Microsoft has announced that it will shut down the cpanel extensions that support whms in Windows 10, Microsoft Edge, and Windows Phone.
The move, which Microsoft called a “precautionary measure,” comes amid a series of security issues in Whms, the popular Microsoft extension for enabling the sharing of your personal data across the Microsoft cloud.
Microsoft told Ars that the cPanel extensions for whmgs, which are also known as the Windows Media Player extensions, were disabled because of a new flaw that’s being found in Microsoft Edge.
Microsoft has been warning users about this flaw for some time, and has since removed support for Whms extensions from the Windows Store.
Microsoft Edge users have reported issues with Whms for years, but Microsoft’s update to the browser has not yet addressed the vulnerability.
“We have removed support from Microsoft Edge because we have found that we have not yet identified and addressed the security issue with Whmgs,” Microsoft’s security chief Rob Wainwright wrote in a blog post published Thursday.
Wain Wright is Microsoft’s senior director of the Internet Group, which is responsible for overseeing Microsoft Edge and Windows 10.
In his blog post, Wain told Ars he believes the flaw is “serious enough that we will take this action.”
Whms is Microsoft Edge’s extension for sharing personal data, which includes browsing history, app information, and contacts.
Microsoft says that Whms has been the leading Whms extension in the Windows Marketplace, and that it has been a popular extension for Edge users.
But the company has not always been upfront about the flaws in Whmg.
The extension’s first version in November 2016 included a vulnerability that could allow a remote attacker to get into a Whms account, and later versions added a new security feature that allowed the attacker to bypass the Whms authentication check.
That security feature was removed in March 2017, but it remained a security vulnerability in the extension.
Microsoft later introduced a new feature called Whms Secure Enrollment, which added another layer of security to the Whmg extension.
The Whms Security Check, which adds a new layer of authentication, has also been removed in Whmcs extension.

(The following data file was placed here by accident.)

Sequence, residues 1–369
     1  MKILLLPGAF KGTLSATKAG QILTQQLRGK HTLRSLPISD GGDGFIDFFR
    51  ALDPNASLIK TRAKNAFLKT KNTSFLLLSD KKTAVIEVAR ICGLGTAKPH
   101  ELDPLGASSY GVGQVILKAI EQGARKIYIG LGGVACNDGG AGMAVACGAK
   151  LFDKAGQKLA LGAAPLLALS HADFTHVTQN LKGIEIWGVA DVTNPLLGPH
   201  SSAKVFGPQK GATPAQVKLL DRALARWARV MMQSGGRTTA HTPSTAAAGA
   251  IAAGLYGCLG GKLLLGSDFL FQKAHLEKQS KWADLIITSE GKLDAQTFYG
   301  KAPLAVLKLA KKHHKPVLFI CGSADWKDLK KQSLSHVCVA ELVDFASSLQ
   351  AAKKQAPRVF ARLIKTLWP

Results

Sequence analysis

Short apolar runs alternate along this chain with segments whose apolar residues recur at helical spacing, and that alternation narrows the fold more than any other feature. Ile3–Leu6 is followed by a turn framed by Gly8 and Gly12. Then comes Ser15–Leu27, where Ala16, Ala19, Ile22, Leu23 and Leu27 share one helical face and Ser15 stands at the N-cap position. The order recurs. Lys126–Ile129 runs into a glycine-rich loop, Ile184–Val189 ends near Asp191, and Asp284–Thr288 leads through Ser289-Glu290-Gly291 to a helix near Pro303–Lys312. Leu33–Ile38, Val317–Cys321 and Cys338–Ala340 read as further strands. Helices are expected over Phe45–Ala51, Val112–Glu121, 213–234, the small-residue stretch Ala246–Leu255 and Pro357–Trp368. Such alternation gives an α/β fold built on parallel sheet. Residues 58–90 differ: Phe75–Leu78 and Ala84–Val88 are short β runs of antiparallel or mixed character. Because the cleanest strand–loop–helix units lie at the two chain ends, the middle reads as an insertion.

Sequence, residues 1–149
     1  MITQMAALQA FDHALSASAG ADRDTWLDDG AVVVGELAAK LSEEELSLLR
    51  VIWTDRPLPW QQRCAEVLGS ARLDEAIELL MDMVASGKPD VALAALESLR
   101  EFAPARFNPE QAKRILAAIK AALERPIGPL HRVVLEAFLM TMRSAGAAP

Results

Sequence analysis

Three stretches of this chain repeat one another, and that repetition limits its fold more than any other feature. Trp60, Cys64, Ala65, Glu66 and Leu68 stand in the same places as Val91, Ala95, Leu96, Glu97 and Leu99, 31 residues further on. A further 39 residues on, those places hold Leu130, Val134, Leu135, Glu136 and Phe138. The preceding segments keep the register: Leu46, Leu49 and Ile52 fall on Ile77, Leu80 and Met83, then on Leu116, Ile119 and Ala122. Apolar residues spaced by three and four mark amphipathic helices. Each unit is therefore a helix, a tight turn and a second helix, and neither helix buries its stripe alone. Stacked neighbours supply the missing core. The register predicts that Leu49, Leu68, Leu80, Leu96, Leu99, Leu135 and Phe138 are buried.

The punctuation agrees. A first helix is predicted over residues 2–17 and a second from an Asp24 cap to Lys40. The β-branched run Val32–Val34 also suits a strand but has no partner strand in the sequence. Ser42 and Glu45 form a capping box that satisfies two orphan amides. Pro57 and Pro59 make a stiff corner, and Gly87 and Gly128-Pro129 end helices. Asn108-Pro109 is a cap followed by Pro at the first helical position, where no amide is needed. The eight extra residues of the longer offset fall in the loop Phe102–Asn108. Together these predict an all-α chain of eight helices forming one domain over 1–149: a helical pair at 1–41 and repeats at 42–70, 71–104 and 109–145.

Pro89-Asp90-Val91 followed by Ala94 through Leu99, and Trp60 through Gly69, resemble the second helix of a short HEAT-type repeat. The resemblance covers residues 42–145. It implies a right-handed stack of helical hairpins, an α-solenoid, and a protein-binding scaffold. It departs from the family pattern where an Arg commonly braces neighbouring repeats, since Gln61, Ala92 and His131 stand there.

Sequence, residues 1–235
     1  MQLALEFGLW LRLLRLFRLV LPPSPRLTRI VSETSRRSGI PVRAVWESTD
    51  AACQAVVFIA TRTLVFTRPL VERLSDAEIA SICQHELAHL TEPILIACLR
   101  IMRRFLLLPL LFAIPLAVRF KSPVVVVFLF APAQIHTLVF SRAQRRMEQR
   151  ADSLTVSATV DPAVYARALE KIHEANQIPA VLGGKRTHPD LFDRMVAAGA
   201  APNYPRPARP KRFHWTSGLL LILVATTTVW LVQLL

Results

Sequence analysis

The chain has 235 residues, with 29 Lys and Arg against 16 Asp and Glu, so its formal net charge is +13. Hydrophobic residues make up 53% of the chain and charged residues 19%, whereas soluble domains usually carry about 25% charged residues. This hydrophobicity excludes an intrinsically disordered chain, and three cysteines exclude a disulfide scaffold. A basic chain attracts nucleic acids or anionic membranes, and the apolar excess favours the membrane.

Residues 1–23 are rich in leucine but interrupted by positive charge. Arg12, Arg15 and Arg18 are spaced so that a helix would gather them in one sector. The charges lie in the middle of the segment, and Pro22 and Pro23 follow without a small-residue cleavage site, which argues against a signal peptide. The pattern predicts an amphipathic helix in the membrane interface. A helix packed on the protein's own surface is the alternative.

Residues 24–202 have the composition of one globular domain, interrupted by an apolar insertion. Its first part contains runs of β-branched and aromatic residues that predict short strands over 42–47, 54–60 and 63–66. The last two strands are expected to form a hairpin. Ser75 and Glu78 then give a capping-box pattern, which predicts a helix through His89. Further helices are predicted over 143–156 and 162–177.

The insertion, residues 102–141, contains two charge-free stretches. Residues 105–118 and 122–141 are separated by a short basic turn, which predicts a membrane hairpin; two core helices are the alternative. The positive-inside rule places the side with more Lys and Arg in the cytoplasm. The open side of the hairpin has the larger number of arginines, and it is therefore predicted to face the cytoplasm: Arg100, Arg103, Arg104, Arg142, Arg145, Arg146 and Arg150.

This new security flaw was found by researchers at security firm FireEye.
“It was only a matter of time before this was going to be a serious issue,” Chris Caldwell, the chief security officer at FireEye, told Ars.
“That’s not to say there are not still vulnerabilities, but we’re getting closer and closer to a fix.”
The latest Microsoft Edge security issue has been discovered by researchers from FireEye who were able to gain access to Whms.
“Whms is a great extension that helps people save time and make their lives easier, but as we’ve learned more about it over the past few months, we have identified several issues in the extensions that allow remote attackers to compromise an Edge user’s account,” Caldwell added.
“FireEye has identified a new vulnerability in Whmoctls extension that could give an attacker access to a user’s Whms profile.”
The security flaw, CVE-2017-1709, is currently known as CVE-2018-5066, and Microsoft’s fix is not available yet.
In a blogpost published Thursday, Microsoft said that Whmms extension has been “fully reviewed” and that “there is no evidence of any security vulnerabilities in Whmbs extension.”
Microsoft says it has patched Whmmbs security flaw in Whmls extension, but that the extension has not been “successfully patched for Edge.”
The Whmck extension was also affected by a security flaw discovered in Whmds extension.
In Whmmds, Microsoft has not released the version of the extension affected by the new security issue, but has said that it “has not been tested for this issue yet.”
The company did say that it is working on an update to Whmd’s extension, and added that “we will update users when that is ready.”